$\hat{x} = x$ and $\hat{p} = -i\hbar\frac{\partial}{\partial x}=\frac{\hbar}{i}\frac{\partial}{\partial x}.$ Since these operators act on functions, let's introduce a test wavefunction $\psi(x)$.

$\left[ \hat { x } ,\hat { p } \right] \psi =\left( x\frac { \hbar }{ i } \frac { d\psi }{ dx } -\frac { \hbar }{ i } \frac { d\left( x\psi \right) }{ dx } \right)$

$\left[ \hat { x } ,\hat { p } \right] \psi = \frac{\hbar}{i}\left( x \frac { d\psi }{ dx } -x \frac { d \psi }{ dx } -\psi \right)$

$\left[ \hat { x } ,\hat { p } \right] \psi = i\hbar \psi$

Therefore $\left[ \hat { x } ,\hat { p } \right] = i\hbar$

Although the commutator was designed to test commutative algebras, physics exploits the commutator in a clever way. Derivatives are important in physics, and in QM we take the time derivative of the expectation value of observables. Let's see where the math takes us.

$\frac{d}{dt}\left<\hat{A}\right> =\frac{d}{dt}\left<\Psi|\hat{A}\Psi\right>$ By the product rule $\frac{d}{dt}\left<\hat{A}\right> =\left<{\Psi}_{t}|\hat{A}\Psi\right>+\left<\Psi|{\hat{A}}_{t}\Psi\right>+\left<\Psi|\hat{A}{\Psi}_{t}\right>$

Since the Schrödinger equation is $i\hbar\frac{\partial \Psi}{\partial t} = \hat{H}\Psi$ we can simplify the above equation:

$\frac{d}{dt}\left<\hat{A}\right> =\frac{-1}{i\hbar}\left<\hat{H}\Psi|\hat{A}\Psi\right> +\frac{1}{i\hbar}\left<\Psi|\hat{A}\hat{H}\Psi\right>+\left<\frac{\partial \hat{A}}{\partial t}\right>.$

Now $\hat{H}$ is Hermitian, so $\left<\hat{H}\Psi|\hat{A}\Psi\right> = \left<\Psi|\hat{A}\hat{H}\Psi\right>$; therefore,

$\frac{d}{dt}\left<\hat{A}\right> =\frac{i}{\hbar}\left<[\hat{H},\hat{A}]\right> +\left<\frac{\partial \hat{A}}{\partial t}\right>.$

This is an important result that has wide applications in QM, we will hopefully encounter it in the future.

Visit my set Lectures on Quantum Mechanics for more notes.

**Problems**

Use the commutator to prove the Ehrenfest theorem $\frac{d}{dt}\left<\hat{p}\right>=\left<-\frac{\partial \hat{V}}{\partial x}\right>.$ Hint: Remember $\hat{H} = \left[\frac{{\hat{p}}^{2}}{2m}+\hat{V}\right]$ and the commutator follow these identities.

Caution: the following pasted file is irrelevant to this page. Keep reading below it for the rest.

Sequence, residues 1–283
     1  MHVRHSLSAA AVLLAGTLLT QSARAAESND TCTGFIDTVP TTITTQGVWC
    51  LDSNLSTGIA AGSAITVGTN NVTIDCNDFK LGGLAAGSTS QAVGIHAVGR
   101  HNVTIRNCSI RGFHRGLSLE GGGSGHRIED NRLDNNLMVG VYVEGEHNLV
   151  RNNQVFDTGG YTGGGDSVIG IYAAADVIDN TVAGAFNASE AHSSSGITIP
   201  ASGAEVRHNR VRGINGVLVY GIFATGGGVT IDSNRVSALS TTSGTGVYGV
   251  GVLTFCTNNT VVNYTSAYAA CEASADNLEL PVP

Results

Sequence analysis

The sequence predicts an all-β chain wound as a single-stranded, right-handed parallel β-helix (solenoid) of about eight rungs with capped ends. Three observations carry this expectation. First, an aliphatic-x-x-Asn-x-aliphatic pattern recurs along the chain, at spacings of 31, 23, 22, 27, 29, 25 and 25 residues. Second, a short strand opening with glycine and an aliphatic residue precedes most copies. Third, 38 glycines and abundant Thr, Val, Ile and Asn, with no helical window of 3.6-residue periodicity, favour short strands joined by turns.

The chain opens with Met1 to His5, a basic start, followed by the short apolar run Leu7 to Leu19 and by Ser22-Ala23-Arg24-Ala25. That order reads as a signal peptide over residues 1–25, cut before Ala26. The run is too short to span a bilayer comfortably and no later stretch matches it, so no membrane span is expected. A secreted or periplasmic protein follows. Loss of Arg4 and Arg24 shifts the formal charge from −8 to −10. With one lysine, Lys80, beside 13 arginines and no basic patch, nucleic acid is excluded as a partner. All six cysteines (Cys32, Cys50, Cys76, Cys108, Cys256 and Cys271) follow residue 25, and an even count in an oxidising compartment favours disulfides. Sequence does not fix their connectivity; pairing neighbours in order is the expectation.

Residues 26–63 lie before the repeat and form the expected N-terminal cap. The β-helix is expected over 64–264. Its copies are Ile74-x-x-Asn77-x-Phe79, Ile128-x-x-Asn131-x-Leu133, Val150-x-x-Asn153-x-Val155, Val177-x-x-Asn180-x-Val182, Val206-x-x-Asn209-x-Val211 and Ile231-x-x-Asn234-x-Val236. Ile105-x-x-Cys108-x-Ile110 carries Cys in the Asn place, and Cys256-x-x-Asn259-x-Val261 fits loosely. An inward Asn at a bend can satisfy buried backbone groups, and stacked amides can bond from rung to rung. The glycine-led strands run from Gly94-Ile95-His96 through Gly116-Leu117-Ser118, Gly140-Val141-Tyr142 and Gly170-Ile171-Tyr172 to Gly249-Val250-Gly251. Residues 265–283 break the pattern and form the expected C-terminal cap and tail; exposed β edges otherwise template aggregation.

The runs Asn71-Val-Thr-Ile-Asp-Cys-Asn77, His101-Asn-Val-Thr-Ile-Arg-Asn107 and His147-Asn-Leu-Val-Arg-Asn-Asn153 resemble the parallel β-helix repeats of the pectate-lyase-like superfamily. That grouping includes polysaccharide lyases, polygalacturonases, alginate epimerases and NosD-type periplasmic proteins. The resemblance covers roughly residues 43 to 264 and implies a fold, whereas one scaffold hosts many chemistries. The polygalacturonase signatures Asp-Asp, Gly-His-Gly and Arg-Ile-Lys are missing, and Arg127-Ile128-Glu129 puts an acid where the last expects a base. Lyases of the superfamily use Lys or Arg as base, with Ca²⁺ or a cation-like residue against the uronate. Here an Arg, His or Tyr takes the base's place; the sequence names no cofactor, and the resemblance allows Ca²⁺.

Use the commutator to prove the Virial theorem $\frac{d}{dt}\left<\hat{x}\hat{p}\right>=2\left<\hat{T}\right>-\left<x\frac{\partial \hat{V}}{\partial x}\right>.$

Consider the function $\Psi(x)=\sum_{k=1}^{n}{c}_{k}sin\left(\frac{k\pi x}{a}\right).$ Prove that $\sum_{k=1}^{n}{|{c}_{k}|}^{2}=1$ is a necessary condition for $f(x)$ to be normalized. Note that${|{c}_{k}|}^{2}$ means ${c}_{k}^{*}{c}_{k}$. If ${c}_{k}$ are real, then it is equivalent to the square of its absolute value.

Use the Dirac notation (bra-ket notation) to prove that the necessary condition in Problem 3 is true for all orthonormal functions $\Psi(x)$.

Use the Dirac notation (bra-ket notation) to prove $\left<\Psi|\hat{H}\Psi\right> = \sum_{k=1}^{n}{E}_{n}{|{c}_{k}|}^{2},$ where ${E}_{n}$ are the energy eigenvalues. Give a physical interpretation of this fact.

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TopNewestQuite heavy mathematics! I just know enough calculus but those Greek letters were driving me out!

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If we use the Schrodinger wave equation as the starting point for the development of quantum mechanics, then Fourier analysis would be the natural vehicle for examining the solutions of the wave equation. It should be pointed out that a Hilbert space can be represented by Fourier series, i.,e., a "vector" in Hilbert space is an infinite continuous sum of waves. Moreover, all of these infinite continuous sums of waves form an orthonormal basis, which is what makes for a linear vector space. I think the Hilbert space formalism of quantum mechanics is more easily understood once its Fourier series foundations are realized.

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True. I think I will talk about the x,p being conjugate variables in Fourier. Fourier integrals were used in Lecture 2 when I discussed about the wave-packet of a wavefunction.

Actually, I am trying to be very general here. As long as the functions are orthonormal then it should work out.